Friday, April 6, 2012

Thoughts on Good Friday

 On this, perhaps the holiest day of the year, we fought with our children.

 As we attempted to ready ourselves to remember Christ's death, my child threw his egg across the table, kicked my bad knee three times setting off a spasm of pain running from my shin to my hip, and had a screaming fit.  The full catalogue of his sins this morning runs much longer.  Unfortunately, he was not alone in his wretched behaviour.

 As the frustration and pain mounted, my husband and I were not in the holiest state of mind.  There may have been thoughts of running away, leaving our children far far away.  We may have mused about duct tape, baby valium and other less than beneficial parenting techniques.  And although our children did all end up in the van on time,  parental tempers were running high.

 At times like these, we pray.  As my husband pulled out of the parking space, I started to ask him to pray just as he began to beseech God for help.  Clearly, desperate great minds think alike.   He asked God for peace, for calm hearts and for hearts that were ready to meditate on Christ's death.  We did not feel ready to walk into a solemn worship service.  Going to a bar sounded much much better.  Unfortunately that was not the healthiest choice at 9:20am nor on today's schedule.

 Yet as my husband prayed, I was reminded of the real reason we observe Good Friday.  To walk into church carrying my frustrations and anger, being so very aware of my failure is to be ready to find the cross.  I'm not meditating on my self-righteousness, on how worthy I am of Christ's sacrifice, but of how desperately in need of it I am.  And Christ, in His great mercy, shed His blood for moments such as these, for sinners such as me.

 Perhaps my penitent, humble and needy heart was what caused me to go directly to the communion table this morning.  We were to walk the stations of the cross, ending with communion.  But I went directly there and then walked the stations backwards. Perhaps I needed the reminder that forgiveness is the beginning of new life and from there I can walk in freedom to live differently.

 The rest of the day was not without bumps.  But it was a lot better.  So I end the day thankful of all it brought, the good and the bad.


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  2. Oh, I remember those days. Truth is, we do lay these burdens at the cross, but then we pick them up and bring them home with us. I remember one Sunday in church a dad had to carry his child out. On the way down the aisle the child cried out, "Dad, don't kill me!" Awesome. Happy Easter, friend.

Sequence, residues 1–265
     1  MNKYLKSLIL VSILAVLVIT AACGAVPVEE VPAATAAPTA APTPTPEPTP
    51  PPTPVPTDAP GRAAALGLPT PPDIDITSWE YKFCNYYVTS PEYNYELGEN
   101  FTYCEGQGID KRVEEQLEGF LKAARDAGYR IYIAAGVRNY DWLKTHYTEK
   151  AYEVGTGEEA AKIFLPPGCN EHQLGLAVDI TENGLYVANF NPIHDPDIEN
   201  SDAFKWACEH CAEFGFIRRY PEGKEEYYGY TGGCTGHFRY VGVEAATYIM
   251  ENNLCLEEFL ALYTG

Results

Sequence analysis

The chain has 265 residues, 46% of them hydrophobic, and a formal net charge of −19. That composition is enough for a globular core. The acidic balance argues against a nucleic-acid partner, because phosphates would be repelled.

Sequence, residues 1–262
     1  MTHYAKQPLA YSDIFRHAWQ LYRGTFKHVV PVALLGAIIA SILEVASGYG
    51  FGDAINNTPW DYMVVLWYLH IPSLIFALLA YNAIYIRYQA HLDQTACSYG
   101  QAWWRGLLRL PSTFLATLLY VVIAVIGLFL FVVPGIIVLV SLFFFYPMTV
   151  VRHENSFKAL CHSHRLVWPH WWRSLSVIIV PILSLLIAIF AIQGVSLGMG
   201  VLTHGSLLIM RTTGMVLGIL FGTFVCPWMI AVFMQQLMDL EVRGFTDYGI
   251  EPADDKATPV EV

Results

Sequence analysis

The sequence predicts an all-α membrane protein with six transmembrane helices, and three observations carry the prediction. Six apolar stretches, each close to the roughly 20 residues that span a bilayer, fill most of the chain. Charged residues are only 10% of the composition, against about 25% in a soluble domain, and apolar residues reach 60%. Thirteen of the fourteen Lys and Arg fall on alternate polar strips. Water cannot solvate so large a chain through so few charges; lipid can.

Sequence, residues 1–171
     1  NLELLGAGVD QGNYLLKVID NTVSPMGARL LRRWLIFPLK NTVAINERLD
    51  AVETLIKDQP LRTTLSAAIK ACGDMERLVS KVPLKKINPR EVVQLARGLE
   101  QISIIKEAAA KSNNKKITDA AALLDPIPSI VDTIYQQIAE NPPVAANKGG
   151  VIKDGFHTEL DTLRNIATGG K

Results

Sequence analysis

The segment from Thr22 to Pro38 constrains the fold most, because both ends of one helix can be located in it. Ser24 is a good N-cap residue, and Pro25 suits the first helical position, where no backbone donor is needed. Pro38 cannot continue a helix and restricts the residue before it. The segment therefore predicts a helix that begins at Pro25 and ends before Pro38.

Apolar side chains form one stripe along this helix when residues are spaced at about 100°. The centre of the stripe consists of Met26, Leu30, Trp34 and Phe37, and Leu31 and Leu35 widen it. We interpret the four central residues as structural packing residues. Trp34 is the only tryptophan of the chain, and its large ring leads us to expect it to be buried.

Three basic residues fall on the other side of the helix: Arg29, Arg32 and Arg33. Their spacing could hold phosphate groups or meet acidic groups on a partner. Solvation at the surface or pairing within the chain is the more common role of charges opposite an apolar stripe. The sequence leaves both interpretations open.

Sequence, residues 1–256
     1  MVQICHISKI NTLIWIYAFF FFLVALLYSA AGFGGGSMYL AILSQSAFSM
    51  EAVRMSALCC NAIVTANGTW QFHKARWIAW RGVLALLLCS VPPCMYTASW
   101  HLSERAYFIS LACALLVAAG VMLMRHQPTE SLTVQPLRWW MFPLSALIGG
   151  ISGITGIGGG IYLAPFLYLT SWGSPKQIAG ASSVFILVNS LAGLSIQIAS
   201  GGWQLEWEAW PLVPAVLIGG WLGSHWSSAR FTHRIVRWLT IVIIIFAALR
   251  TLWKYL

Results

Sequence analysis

3. Wonderful reminder of what Good Friday is really about!

  4. I got a kick out of your comment about going to a bar instead of a solemn worship service---I've been there with that thought and emotion!
    My daughter had horrific temper tantrums and one in particular occured at a church dinner after the morning service. Her father carried her kicking and screaming out to the car where he struggled at getting her strapped in. She was two. At home she would kick me.
    My mother suggested that I just start reading from one of her book's---this is when it happened at home--and I remember one incident when I sat down on the floor near her and began to read aloud. She stopped her tantrum and calmed down. I didn't use this method as often as I should have. Looking back, I did more complaining than praying. You are way ahead of most in that you and your husband reached out to God in the car. It may not show now, but that will have a lasting positive effect on your children esp. the tantrum thrower.
    On a whim, I checked in with you. My daughter learned a method that has astounded nursery care folks on a Sunday morning and has been exceedingly successful at home and everywhere else.
    She has Aaron press his two hands together in a prayer-like position and tells him to hold that stance until he has calmed down and can tell her what is really bothering him. I saw it myself and was impressed. In one case, he was thoroughly confused and frightened that they were taking him into a completely different room for Sunday School. He couldn't verbalize it at first; he simply refused to go and threw a fit. After holding his hands together, breathing, and calming down, he was able to tell his parents what was wrong. They then were able to inform him that the usual room had just been worked on and could not be used. Thus his classmates and usual teacher would be found in this different room. He then went willingly and was fine.
    For more info on this, contact her through her blog:
    Hope this helps.